Take the 2-minute tour ×
Mathematics Stack Exchange is a question and answer site for people studying math at any level and professionals in related fields. It's 100% free, no registration required.

If I have a relationship as follows:

$$Y = a X + G(0,\sigma^2),\text{ so }y = a X + \text{some Gaussian noise}.$$

The conditional probability distribution of $y$ given $x$, i.e. $P(y|x)$, is equal to a Gaussian with mean $= a X$ and variance $= \sigma^2$.

I intuitively understand this as the expected value for $y$ should be $a X$ and this will vary due to the noise with the same variance of the noise. Is there a formal proof for this?

Thanks, Aly

share|improve this question

1 Answer 1

up vote 2 down vote accepted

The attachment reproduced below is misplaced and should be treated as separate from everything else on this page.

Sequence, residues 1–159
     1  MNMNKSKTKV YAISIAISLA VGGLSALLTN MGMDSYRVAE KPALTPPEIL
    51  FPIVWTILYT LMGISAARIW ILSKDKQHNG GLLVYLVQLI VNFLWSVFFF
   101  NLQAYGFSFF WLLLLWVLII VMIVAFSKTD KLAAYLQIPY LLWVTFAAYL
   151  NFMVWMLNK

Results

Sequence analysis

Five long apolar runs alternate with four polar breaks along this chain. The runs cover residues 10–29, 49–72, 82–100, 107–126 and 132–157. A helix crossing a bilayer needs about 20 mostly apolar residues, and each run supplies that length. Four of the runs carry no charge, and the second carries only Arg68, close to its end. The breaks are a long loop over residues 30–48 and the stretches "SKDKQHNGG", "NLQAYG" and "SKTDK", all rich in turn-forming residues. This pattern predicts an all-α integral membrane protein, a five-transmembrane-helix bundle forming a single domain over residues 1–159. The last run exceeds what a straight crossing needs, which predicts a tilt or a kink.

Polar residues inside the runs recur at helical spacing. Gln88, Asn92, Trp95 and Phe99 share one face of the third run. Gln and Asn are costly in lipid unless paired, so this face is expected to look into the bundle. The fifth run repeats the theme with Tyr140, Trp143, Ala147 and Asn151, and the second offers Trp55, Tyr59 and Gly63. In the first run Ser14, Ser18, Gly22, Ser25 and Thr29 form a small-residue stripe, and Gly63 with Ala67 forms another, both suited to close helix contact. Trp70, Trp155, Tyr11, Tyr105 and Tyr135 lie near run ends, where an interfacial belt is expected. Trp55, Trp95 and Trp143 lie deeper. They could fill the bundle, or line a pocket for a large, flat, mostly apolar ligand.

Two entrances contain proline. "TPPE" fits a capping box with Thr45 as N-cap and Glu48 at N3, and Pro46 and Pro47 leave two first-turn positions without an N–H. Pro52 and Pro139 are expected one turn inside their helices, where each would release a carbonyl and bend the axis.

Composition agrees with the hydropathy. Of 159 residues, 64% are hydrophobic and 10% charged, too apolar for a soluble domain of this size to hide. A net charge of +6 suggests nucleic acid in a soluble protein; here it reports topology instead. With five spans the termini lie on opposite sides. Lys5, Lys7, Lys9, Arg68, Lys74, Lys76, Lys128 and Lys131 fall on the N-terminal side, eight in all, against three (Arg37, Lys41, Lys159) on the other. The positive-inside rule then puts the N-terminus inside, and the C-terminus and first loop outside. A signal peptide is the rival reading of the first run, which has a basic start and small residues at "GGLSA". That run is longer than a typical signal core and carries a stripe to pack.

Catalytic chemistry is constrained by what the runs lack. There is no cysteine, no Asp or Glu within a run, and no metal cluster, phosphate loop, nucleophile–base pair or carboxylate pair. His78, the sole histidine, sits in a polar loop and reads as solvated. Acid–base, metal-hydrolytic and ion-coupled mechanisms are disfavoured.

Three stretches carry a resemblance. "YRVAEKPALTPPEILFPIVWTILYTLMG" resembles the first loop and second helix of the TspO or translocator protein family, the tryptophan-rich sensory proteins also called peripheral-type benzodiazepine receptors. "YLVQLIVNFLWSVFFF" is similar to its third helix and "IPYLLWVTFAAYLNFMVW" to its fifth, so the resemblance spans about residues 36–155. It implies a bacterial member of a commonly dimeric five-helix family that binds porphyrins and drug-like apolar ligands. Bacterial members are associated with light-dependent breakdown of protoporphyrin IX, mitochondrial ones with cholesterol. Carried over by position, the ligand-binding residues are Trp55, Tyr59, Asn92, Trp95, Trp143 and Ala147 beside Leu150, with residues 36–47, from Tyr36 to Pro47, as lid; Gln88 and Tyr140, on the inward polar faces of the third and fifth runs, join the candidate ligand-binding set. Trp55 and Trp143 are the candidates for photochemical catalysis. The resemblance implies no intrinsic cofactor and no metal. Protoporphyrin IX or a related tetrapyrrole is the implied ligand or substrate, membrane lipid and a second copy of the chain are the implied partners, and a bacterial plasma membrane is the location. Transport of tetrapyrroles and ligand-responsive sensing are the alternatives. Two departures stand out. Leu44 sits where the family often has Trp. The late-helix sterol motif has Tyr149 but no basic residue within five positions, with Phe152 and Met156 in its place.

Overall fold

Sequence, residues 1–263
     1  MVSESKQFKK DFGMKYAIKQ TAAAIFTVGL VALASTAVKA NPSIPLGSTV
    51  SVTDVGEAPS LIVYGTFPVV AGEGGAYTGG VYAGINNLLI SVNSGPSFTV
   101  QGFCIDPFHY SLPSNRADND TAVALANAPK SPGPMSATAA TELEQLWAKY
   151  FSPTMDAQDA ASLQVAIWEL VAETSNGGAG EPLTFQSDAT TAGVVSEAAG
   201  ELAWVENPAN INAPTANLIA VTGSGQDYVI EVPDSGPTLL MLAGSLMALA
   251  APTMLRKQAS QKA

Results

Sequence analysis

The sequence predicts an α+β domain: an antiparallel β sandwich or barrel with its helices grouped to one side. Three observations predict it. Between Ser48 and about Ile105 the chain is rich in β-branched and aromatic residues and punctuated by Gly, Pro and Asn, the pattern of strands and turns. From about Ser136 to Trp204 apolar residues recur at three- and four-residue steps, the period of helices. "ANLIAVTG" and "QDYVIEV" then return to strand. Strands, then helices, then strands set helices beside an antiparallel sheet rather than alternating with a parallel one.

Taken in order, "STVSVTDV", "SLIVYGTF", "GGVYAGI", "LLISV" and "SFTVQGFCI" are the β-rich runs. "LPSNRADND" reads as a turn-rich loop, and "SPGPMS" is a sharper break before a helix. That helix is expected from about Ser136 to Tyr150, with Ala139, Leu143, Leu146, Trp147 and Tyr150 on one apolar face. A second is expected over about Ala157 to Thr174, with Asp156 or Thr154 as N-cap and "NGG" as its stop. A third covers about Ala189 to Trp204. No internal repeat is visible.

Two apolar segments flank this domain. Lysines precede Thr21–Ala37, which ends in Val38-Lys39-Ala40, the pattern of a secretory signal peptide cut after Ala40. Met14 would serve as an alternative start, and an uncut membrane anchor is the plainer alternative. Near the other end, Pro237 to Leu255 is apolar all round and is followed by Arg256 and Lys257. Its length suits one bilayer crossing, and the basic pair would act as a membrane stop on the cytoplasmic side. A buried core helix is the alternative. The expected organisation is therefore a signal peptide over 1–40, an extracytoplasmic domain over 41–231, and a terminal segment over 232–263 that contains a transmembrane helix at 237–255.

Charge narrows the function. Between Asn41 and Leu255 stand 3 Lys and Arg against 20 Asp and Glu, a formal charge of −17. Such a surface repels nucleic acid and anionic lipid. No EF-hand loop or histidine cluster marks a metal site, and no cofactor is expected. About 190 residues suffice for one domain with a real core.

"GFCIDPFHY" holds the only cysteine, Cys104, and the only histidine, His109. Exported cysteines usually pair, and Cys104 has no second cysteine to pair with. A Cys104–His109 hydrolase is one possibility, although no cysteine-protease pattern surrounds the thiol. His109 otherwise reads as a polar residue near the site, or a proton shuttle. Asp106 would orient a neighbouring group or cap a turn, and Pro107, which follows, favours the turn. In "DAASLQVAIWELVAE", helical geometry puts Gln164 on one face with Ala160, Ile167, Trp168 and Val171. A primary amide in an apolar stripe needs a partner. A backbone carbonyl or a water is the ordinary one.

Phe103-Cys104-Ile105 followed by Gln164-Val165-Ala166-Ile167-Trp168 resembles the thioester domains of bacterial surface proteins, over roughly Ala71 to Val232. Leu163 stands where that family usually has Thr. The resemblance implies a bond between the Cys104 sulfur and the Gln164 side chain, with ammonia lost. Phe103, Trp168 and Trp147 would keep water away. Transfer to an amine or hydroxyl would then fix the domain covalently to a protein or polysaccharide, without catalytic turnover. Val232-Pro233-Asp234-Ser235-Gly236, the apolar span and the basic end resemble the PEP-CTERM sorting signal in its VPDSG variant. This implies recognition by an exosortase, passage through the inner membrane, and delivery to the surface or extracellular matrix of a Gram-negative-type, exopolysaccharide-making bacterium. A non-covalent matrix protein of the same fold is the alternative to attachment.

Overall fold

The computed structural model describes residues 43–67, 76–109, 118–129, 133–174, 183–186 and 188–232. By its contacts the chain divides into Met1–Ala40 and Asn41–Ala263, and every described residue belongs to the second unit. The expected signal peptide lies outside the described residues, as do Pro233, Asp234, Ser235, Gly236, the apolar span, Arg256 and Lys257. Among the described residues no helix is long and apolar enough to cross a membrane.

Instead of a 'formal' proof, I suggest you be sure to understand these simple facts:

  1. If $Z = k + Y$, where $k$ is a constant, then the probability density of $Z$ is the same of $Y$ except for a shift : $f_Z(z) = f_Y(z-k)$. As corolary: $E(Z) = k + E(Y)$ and $Var(Z) = Var(Y)$.

  2. If $Z = X + Y$ and we condition on $X$ (which means that we are given the value of $X$), then $X$ can be regarded as a constant, and the above applies. More formally (but, I insist, this should not be necessary to understand the previous) $f_{Z|X}(z|x) = f_Y(z-x)$

share|improve this answer
    
I think you should write $f_Z(z)=f_Y(z-k)$ rather than $f_Z(Z)-f_Y(Z-k)$, i.e. don't use the capital $Z$ to refer to both the random variable and the argument to the density function. –  Michael Hardy Apr 11 '12 at 21:06
    
@MichaelHardy: you're right, fixed. –  leonbloy Apr 12 '12 at 0:10

Your Answer

 
discard

By posting your answer, you agree to the privacy policy and terms of service.

Not the answer you're looking for? Browse other questions tagged or ask your own question.